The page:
In my peripheral, I saw the cop get out of his vehicle and angrily charge towards me. But then I saw my father’s name and I dissolved into a puddle of emotional and physical exhaustion. I cried that cry of total surrender. It was one of those moments when you let go of the things stuffed way down – when you let your guard down – when you purge yourself of the negative thoughts in your head – when you allow yourself to really feel and be.

I collected myself and walked briskly back to the car – having completely forgotten about the hard charging police officer.

When I started the engine I noticed the cop sitting on the curb a few yards in front of me smoking a cigarette.

As I passed by, he stood up straight and strong and nodded the nod of understanding.

It was one of those human connection moments that can’t happen virtually.

It’s an energy exchange between people who are paying attention to one another. That transfer of energy has the power to deepen a moment.

I couldn’t have imagined a more perfect way to leave my childhood home.

“A deep sense of love and belonging is an irresistible need of all people. We are biologically, cognitively, physically, and spiritually wired to love, to be loved, and to belong. When those needs are not met, we don’t function as we were meant to.”

Brene Brown

How do we – introverts, extroverts & ambiverts – create and maintain human connections?

When I knew I was going to be away from home for a week, I called Chaplain Funk (WP ’80) and asked if he would come ‘be me’ for the week. Between my 87 year old mother, my 10 year old student-swimmer, a 2 year old half husky-half poodle and a 12 year old half dead yellow lab, I knew it was a big ask. When he arrived, he said he was exhausted from 6 straight weeks of travel and work for family and friends. He concluded, “but I said I would come because my goal is to love and to serve.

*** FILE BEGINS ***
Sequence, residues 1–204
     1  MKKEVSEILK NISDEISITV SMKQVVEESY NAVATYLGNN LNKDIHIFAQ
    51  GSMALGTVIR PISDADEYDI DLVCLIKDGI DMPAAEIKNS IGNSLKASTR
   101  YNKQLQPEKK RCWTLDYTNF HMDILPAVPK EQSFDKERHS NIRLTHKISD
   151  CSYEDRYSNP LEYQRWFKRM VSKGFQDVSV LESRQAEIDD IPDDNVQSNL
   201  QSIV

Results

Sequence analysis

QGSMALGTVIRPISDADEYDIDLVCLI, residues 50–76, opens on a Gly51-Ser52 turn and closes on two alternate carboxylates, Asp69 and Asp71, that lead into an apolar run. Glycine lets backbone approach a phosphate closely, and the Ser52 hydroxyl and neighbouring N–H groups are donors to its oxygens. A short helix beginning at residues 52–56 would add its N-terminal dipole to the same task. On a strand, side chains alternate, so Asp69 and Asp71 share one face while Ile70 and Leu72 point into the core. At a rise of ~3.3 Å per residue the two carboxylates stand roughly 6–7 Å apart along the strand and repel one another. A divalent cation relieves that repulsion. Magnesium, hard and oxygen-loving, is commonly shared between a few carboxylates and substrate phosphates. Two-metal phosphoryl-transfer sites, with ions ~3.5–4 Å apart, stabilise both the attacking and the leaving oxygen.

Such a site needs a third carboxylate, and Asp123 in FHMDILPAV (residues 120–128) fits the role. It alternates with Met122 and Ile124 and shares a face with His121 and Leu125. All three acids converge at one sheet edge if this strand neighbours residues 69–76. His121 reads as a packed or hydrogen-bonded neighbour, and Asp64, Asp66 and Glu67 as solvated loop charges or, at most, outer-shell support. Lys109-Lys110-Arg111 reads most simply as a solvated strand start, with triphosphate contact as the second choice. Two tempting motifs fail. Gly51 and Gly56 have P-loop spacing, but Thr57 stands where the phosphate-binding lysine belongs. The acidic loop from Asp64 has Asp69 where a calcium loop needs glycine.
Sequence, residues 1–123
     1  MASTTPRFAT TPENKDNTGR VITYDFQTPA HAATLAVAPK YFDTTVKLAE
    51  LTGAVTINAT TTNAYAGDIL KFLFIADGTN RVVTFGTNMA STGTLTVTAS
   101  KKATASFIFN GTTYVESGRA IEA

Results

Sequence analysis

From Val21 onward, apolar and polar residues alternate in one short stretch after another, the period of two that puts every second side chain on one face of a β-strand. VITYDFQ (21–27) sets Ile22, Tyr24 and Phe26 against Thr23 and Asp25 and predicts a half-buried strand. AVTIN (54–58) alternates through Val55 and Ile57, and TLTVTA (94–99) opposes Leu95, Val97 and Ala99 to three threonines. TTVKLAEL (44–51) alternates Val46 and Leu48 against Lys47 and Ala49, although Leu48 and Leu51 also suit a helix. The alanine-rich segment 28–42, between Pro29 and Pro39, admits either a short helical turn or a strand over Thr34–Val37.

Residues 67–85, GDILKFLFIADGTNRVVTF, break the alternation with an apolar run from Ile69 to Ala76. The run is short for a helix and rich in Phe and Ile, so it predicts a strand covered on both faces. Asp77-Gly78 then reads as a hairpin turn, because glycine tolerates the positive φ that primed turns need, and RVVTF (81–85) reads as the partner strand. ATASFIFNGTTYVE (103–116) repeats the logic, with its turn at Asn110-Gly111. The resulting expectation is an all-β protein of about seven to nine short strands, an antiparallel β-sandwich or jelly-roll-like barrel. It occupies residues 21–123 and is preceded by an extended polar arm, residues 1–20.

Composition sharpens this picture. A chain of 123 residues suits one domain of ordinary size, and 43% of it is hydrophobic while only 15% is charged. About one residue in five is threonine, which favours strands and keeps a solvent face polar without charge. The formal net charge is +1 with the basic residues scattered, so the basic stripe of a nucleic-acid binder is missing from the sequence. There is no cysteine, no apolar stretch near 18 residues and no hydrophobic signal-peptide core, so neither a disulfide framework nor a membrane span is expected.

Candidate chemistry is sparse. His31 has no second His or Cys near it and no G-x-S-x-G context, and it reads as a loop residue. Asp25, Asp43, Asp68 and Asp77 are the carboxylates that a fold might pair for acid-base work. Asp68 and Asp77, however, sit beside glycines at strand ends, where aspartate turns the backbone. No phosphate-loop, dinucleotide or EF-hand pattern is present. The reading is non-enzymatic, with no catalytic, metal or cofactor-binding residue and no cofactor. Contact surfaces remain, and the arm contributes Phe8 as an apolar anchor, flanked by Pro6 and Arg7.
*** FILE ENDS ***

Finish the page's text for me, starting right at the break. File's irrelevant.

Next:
…to love and to serve.

What would our world – our nation – our neighborhoods – our homes be like if our goal was to love and to serve? It is a mission that focuses on the human connection and fostering real, intimate relationships – the kind of relationships where you are genuinely seen and heard. They are the relationships that exchange energy, deepen moments and heal the lonely soul.

As we come to the end of a year and look forward to the next, I encourage you to make real, human connections a priority in your everyday life. Text less, call more. Email less, meet over coffee more. Unplug and visit with neighbors or coworkers or your kids. Exchange positive energy with one another and in the process, pour your love and grace into each other.

Grace is God’s gift to us and a powerful gift to give one another.

And Love is the greatest gift of all.

Archie Elam – West Point Grad & Human Connection Champion

Run to Win.

1 Corinthians 9:24

2 thoughts on “An Ambivert’s Guide to Loneliness

  1. I was running around the kitchen, preparing a Thanksgiving feast for my son and I when I paused and scrolled through my morning texts. My mom said, honey you should read Kathy Camps blog today and I wrote, ok I will when I can. Something told me to stop and read it because my mom said it was lovely.
    Kathy, thank you for your words, insight, honestly, vulnerability and faith.
    As our family navigates the ups and downs of my fathers (WP ’64) cancer battle and the heart ache of watching someone you love fall ill, supportive words from “your people” can change an outlook in a NY minute.
    Happy Thanksgiving to you and yours. Thank you.